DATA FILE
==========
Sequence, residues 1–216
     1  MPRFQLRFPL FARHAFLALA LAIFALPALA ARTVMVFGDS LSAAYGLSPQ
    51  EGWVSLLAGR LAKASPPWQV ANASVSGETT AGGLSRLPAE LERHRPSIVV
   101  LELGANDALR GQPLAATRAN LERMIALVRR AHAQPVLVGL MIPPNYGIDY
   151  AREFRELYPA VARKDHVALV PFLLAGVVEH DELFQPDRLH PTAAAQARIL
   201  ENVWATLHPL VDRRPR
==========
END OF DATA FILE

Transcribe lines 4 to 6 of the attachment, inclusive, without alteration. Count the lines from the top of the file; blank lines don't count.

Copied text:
   101  LELGANDALR GQPLAATRAN LERMIALVRR AHAQPVLVGL MIPPNYGIDY
   151  AREFRELYPA VARKDHVALV PFLLAGVVEH DELFQPDRLH PTAAAQARIL
   201  ENVWATLHPL VDRRPR